And then, my third point in practices, if this again, is all new, build up the culture, build up the muscle of application performance monitoring, your DevOps monitoring. I don't care if you're using Datadog, Prometheus, Sentry, New Relic, whatever flavor version. Once again, making it highly visible, making it understood, building out the groundwork for most of your microservices and how they use, and really ensuring that teams are built there. I think it comes down to when we think about organizing ourselves and having a culture of operations so that we can produce microservices, we also have to think about how are those teams going to be enabled? You know, we want to—you know, take that the ethos of “Build, own and operate,” the Amazon took and put on steroids, and really apply it. Maybe—you know, I'm not saying you have to follow every tech giants rule book on how to do it, but really the principles down to microservices architecture is really meantime to recovery and that customer experience, right? It goes hand in hand.

So, putting that in the energy and effort that you've done into your deployment pipeline, it has to equally be there for the orchestration of your performance. Like, what's your App Decks? Your App Decks is the industry standard for the application performance indicator. You know, you want to have a delightful experience, you've gone and removed your monolith, maybe we're having capacity problems, so now you want it faster. Well, how are you going to watch and make sure and building that out? So, take the time, build it out and think about really, how are you going to watch the system? You know, in some places in the application, you can put things like circuit breakers, you can put in points, you can think about the contracts, hubs and spokes models as well, and how communication lies. You know, what type of database technology need, and have it totally encompassed so that you can monitor and watch it. You're changing your teams a lot, you know. One of the biggest pitfalls is not really preparing the culture for these changes.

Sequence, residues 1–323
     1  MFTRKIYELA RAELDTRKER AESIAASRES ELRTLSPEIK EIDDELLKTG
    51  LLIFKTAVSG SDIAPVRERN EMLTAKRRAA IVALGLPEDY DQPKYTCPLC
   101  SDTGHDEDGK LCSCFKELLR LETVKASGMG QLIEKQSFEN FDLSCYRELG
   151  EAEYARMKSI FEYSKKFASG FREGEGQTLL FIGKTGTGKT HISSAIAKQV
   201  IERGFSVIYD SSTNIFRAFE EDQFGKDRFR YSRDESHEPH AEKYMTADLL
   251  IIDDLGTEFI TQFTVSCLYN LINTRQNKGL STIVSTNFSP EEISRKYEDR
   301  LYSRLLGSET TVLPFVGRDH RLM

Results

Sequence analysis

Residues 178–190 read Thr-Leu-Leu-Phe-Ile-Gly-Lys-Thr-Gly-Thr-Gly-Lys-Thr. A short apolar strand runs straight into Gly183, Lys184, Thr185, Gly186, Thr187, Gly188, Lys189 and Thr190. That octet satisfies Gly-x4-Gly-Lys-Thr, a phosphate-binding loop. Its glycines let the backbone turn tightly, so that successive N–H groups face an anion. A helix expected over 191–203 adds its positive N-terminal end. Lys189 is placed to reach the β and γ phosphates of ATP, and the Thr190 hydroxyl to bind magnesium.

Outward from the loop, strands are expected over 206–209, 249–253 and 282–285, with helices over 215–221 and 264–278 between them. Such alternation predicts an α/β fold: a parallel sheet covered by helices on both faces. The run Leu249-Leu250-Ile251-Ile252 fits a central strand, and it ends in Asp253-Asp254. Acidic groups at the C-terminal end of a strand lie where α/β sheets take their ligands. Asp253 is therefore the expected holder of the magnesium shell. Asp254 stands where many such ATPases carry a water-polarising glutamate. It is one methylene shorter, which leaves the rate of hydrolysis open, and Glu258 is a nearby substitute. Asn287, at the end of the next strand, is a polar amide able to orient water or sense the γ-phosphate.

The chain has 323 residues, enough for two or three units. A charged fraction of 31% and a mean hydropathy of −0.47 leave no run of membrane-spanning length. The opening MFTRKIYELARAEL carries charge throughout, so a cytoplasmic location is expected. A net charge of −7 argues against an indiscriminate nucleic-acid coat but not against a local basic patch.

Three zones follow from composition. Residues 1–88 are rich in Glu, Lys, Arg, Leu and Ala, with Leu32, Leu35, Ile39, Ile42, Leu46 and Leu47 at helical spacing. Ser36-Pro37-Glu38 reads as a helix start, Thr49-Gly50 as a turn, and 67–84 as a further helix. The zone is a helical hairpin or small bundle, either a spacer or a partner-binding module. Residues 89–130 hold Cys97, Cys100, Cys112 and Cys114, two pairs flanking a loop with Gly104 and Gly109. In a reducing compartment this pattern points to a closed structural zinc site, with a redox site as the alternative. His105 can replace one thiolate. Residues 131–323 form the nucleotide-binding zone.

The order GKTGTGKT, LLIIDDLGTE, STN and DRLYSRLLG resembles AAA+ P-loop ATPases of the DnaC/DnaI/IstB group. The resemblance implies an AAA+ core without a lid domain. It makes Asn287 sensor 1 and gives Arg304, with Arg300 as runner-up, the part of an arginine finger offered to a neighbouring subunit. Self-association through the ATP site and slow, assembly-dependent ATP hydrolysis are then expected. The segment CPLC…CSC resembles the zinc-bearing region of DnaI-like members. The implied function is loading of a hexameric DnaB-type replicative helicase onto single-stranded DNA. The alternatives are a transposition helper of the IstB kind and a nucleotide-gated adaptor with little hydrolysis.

When I was—I think it was New Relic—you know, once again, another pitfall I encountered was not thinking, I guess, hello, monitoring company is like, culturally. Now, you're putting everybody on call, right? When you had a monolith, you might've had an SRE group be on call or you had a DevOps kind of be the window into the site for interruptions. Now, you have a whole bunch of microservices. You've organized your teams where they build, own and operate. Are you empowering them? Are you building the culture? Don't you—you don't want to just go blindside and put a whole bunch of production engineers on call and not prepare them, because what's the point? Once again, you're taking away one of the benefits for microservices and creating a pitfall, but not enabling the team.

And then finally, why are we doing it, right? Continuous improvement. One of the pitfalls to avoid, and I would say the biggest one, is not thinking about how you're going to improve the system. You've put all the work to organize your teams, to build dynamic workflows, to be able to monitor it, but you didn't think about how you're going to interchange these things. Microservices give you the ability in the event of failure to always have a delightful or almost delightful experience, just like we're seeing Mona Lisa, GitHub’s famous Octocat. If we think about all of her amazing accessories as independent microservices, this allows us to constantly change and iterate and think about how a customer may interact with your product. Maybe Mona wants a new hat, you can go easily change [Inaudible] that hat. Maybe she represents Canada with her amazing red and white. Cool. Now we can go and change that with [Inaudible] awesome Octocat. But now even a more awesome Octocat. Because of the microservices architecture, [Inaudible] the pitfalls to avoid it. And your whole software delivery life cycle being streamless.

So, don't make the same mistakes that I did. Don't not organize your team. Go think about how people communicate, empower them, give them agency, give the design into the microservices, into the CID and the workflow. It doesn't matter if you create a whole bunch of services. If you can't orchestrate them and deploy them and maintain them, you're taking away one of the benefits. Think about your monitoring, have a monitoring strategy, empower, enable, and train. Train, train, train. Don't just think you're going to go out there and put in a new piece of software to watch the site, and not have people understand what it means. And then finally, build in that muscle iteration. It comes back to planning and iterating. If you have the architecture, the frameworks right, you should be able to go and make those changes. Because if not, you’ve just hit all of the pitfalls. Don't do it. Keep the monolith. Convince your team that adding more capacity will keep you going. No, don't do that. We've all done that. Take the time, do the design and incrementally implement. Because if you do, you're going to win. And you're going to win at building the best microservices architecture of all time.

So hopefully, you learned a little bit, and I'm sure you're going to hit some of these pitfalls. I encourage you all, if you haven't, go read Martin Fowler’s book. It's highly, highly recommended. He can go into even more detail on some of the ways that you can, hopefully, one, avoid these pitfalls that we've all done, or at least I've done many times over, and two, help you influence and really create the strategic plan to make your product one of the future. Thanks.